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Hiring judges for Rwanda appeals will be a challenge, says ex-justice secretary

The Lady Chief Justice stressed decisions on deploying judges were “exclusively a matter for the judiciary” amid attempts by ministers to quell concerns from rebel Tory MPs over the Rwanda Bill.

The most senior judge in England and Wales made the comments after plans were announced to draft in more judges and free up courtrooms in a bid to speed up migrant appeals.

Downing Street said the move showed the Government was “taking every conceivable step” to get Rwanda deportation flights off the ground.

It is understood 150 judges could be brought in to deal with cases. But a former justice secretary warned hiring judges could be a “challenge”.

Asked about the practical implications of the move, the Lady Chief Justice – the first woman in history to hold the position – said headlines about the plan drew “matters of judicial responsibility into the political arena”.

In her first appearance before the Commons Justice Committee since her appointment, Lady Carr told MPs on Tuesday afternoon: “Parliament has legislated, we – the judiciary – have acted in preparation for that legislation.

“But to be absolutely clear, matters of deployment of judges, the allocation of work for judges and the use of courtrooms is exclusively a matter for the judiciary, and more specifically, a matter for myself and the senior president of the tribunals. And it’s really important that people understand that clear division.”

Committee chairman Sir Bob Neill said there was a long-standing “constitutional convention” that meant members of the judiciary were not asked to “come into the realms of politics” or be asked to comment on “matter of potential political controversy or emerging government policy” but said this question invoked an “exception to the convention” as it related to the ”operational impact of any potential actions upon the courts”.

Justice Secretary Alex Chalk said he had asked more judges to be appointed to the First-tier and Upper Tribunal to speed up migrant appeals.

He told the Commons recruitment would “conclude in the next few months and new judges will be appointed, trained, and start sitting from this summer”.

Sunday with Laura Kuenssberg
Justice Secretary Alex Chalk said he had asked more judges to be appointed to the First-tier and Upper Tribunal (Lucy North/PA)

In the meantime, the judiciary had identified judges who could provide 5,000 additional sitting days while extra space had been prepared, making a total of 25 courtrooms available for hearings.

In a written ministerial statement to Parliament, he said: “We are confident that, with the additional courtroom and judicial capacity detailed above, in line with projected levels agreed with the Home Office, the vast majority of Illegal Migration Act appeal work will be dealt with by the courts in an expedited manner.”

But he stressed the “decision on whether to deploy additional judges temporarily to the Upper Tribunal, including when they sit and the courtrooms they use, is for the independent judiciary and will be taken by the relevant leadership judges at the time and in the interests of justice.”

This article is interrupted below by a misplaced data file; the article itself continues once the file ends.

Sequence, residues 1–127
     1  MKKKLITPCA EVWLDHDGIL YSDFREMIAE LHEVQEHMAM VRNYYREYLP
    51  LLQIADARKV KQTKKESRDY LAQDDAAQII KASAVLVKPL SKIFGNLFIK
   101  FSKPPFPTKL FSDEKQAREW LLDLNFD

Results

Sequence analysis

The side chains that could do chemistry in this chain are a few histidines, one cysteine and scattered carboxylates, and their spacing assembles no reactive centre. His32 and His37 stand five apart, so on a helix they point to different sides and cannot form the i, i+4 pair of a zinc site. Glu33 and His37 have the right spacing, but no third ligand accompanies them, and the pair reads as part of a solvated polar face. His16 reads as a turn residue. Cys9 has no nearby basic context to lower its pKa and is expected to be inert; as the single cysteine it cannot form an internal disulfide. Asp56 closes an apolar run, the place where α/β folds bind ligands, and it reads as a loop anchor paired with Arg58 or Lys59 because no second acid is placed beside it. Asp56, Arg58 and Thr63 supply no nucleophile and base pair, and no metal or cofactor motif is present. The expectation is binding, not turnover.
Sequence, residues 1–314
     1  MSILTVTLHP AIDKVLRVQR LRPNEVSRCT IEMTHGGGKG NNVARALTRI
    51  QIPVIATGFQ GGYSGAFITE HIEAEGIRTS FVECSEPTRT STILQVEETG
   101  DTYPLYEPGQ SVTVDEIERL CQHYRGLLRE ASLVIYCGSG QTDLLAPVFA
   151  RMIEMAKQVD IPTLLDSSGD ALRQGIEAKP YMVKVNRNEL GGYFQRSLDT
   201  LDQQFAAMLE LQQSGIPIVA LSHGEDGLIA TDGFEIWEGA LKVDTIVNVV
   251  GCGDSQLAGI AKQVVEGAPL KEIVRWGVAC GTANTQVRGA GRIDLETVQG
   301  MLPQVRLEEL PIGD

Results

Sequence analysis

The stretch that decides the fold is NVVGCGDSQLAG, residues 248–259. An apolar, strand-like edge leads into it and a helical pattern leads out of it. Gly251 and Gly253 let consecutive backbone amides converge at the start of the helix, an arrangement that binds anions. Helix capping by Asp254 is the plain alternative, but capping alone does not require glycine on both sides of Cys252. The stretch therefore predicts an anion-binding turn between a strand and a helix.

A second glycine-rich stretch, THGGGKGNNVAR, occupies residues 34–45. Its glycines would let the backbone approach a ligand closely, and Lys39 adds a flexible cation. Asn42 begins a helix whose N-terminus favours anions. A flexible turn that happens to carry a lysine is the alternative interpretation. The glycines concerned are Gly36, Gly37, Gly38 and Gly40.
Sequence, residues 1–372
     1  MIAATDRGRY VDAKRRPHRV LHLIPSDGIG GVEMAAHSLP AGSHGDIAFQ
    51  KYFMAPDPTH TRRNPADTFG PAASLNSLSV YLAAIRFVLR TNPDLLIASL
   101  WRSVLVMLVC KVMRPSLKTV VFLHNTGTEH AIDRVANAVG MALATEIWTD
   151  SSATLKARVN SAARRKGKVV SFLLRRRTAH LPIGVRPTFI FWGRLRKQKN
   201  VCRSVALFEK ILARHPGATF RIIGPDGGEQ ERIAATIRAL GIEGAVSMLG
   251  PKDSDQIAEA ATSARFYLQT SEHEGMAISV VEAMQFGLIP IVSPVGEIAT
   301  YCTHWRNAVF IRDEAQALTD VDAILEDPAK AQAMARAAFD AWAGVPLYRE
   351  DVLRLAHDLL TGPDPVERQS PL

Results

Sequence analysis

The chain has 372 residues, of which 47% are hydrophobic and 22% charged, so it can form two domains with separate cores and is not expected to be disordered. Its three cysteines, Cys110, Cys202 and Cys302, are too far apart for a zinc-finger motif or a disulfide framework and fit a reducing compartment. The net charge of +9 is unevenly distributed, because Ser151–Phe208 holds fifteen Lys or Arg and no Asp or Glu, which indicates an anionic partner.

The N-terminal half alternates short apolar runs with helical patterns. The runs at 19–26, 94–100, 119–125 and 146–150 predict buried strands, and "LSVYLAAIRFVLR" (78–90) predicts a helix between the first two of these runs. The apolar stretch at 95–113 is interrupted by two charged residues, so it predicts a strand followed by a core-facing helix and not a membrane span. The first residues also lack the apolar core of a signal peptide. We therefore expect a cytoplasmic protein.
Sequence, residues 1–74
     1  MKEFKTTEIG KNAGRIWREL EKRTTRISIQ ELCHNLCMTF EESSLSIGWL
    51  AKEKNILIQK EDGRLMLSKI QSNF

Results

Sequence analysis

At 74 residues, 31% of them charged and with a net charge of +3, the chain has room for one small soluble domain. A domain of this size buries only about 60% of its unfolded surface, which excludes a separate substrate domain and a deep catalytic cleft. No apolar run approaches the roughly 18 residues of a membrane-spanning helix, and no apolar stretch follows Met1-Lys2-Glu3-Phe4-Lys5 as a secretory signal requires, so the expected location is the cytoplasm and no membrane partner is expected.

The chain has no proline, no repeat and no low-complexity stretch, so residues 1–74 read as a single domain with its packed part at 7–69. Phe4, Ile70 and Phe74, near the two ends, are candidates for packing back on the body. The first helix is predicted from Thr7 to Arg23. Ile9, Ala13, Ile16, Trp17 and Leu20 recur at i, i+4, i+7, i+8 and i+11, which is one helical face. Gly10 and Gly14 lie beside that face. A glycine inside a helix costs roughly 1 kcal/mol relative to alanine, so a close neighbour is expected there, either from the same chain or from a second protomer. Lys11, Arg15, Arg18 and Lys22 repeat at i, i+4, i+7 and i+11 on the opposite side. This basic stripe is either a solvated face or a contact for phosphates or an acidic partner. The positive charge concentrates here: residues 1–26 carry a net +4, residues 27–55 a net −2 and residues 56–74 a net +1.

Downing Street later said Rishi Sunak still aims to have flights running to Rwanda by the spring, despite the announcement stating extra judges would not in place until the summer.

The Prime Minister’s official spokesman said while the Bill would ensure the bar for legal challenges is “set extremely high”, it is “also right to ensure that we have the resources to deal with the minority of claims should they arise”.

Cabinet meeting
Sir Robert Buckland said that ministers will face ‘quite a task’ in recruiting more judges (Stefan Rousseau/PA)

When it was put to him that some rebels argued the move was an acknowledgement that the Bill would not put a stop to legal challenges, the Number 10 official replied: “No, I think it demonstrates that we are taking every conceivable step to ensure that we can get flights off the ground as quickly as possible.

“The spurious challenges we have seen before will be blocked through the Bill, the systemic challenges will be blocked.

“We have heard from leading judges, leading lawyers, who say the Bill will do the job that it needs to do, whether that is blocking challenges on modern slavery, on asylum — those sorts of spurious challenges will not be allowed.

“But it is right, in the small minority of cases, that we have resources put in place if needed.”

But former Tory justice secretary Sir Robert Buckland told the Commons ministers will face “quite a task” in recruiting more judges to deal with the anticipated swathe of new legal claims should the Rwanda plan go ahead, adding: “It is going to be quite a challenge” and will need a “particular way in dealing with cases that will have to be much quicker than the status quo”.

He also asked: “If we can do it in immigration, can’t we do it in crime as well, please? I think it is a high and timely reminder of the fact that our justice system is pretty important and that despite my best efforts to increase funding, which we did do, more needs to be done in order to ensure that those backlogs are dealt with.”

Law Society of England and Wales president Nick Emmerson said the proposals “once again illustrate the apparent incoherence at the heart of the UK government’s immigration policy”, adding that they “do not overcome the fundamental flaws” of the Bill and instead try to “deal with some legal challenges more quickly with more judges at a time when the entire justice system is suffering from a lack of judicial capacity”.